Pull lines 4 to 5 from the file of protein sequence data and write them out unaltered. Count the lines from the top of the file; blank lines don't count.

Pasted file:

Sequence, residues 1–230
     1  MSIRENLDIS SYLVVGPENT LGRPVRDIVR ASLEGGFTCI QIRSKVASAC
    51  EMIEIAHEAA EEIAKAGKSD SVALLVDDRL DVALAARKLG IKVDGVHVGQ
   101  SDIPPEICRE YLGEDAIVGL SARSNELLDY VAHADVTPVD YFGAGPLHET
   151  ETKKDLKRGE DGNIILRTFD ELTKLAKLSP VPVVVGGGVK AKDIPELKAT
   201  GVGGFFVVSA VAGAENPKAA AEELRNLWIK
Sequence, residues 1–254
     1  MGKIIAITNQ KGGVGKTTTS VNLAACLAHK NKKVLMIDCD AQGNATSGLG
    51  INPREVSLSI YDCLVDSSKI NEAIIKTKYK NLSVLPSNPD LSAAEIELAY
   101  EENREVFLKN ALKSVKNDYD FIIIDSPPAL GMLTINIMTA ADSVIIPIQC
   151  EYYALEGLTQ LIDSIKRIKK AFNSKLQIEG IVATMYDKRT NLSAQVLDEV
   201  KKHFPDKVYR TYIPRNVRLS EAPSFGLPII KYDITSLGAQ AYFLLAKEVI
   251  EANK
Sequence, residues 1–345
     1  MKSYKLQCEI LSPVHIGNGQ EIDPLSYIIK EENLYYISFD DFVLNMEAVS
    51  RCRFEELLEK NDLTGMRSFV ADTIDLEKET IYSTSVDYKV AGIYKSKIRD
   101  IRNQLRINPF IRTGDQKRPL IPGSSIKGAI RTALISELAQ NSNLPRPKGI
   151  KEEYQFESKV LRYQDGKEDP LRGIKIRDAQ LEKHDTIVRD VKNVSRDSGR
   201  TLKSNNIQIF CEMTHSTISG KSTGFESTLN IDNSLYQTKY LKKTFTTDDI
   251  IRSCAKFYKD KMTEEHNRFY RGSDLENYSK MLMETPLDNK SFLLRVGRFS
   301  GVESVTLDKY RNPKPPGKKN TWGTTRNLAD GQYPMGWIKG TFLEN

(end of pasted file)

   101  SDIPPEICRE YLGEDAIVGL SARSNELLDY VAHADVTPVD YFGAGPLHET
   151  ETKKDLKRGE DGNIILRTFD ELTKLAKLSP VPVVVGGGVK AKDIPELKAT